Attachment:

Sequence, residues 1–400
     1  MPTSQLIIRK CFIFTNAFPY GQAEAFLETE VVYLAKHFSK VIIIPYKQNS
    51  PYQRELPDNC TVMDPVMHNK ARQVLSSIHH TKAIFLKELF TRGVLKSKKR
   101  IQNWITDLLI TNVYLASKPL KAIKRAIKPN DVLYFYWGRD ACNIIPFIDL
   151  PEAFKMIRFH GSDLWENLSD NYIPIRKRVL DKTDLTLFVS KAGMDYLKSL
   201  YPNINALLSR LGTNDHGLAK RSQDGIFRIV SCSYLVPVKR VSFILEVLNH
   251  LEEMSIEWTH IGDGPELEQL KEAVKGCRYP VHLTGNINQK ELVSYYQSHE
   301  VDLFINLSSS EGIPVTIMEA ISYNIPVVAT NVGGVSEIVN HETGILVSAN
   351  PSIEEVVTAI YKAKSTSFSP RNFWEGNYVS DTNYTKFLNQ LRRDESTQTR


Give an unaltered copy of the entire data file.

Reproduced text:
Sequence, residues 1–400
     1  MPTSQLIIRK CFIFTNAFPY GQAEAFLETE VVYLAKHFSK VIIIPYKQNS
    51  PYQRELPDNC TVMDPVMHNK ARQVLSSIHH TKAIFLKELF TRGVLKSKKR
   101  IQNWITDLLI TNVYLASKPL KAIKRAIKPN DVLYFYWGRD ACNIIPFIDL
   151  PEAFKMIRFH GSDLWENLSD NYIPIRKRVL DKTDLTLFVS KAGMDYLKSL
   201  YPNINALLSR LGTNDHGLAK RSQDGIFRIV SCSYLVPVKR VSFILEVLNH
   251  LEEMSIEWTH IGDGPELEQL KEAVKGCRYP VHLTGNINQK ELVSYYQSHE
   301  VDLFINLSSS EGIPVTIMEA ISYNIPVVAT NVGGVSEIVN HETGILVSAN
   351  PSIEEVVTAI YKAKSTSFSP RNFWEGNYVS DTNYTKFLNQ LRRDESTQTR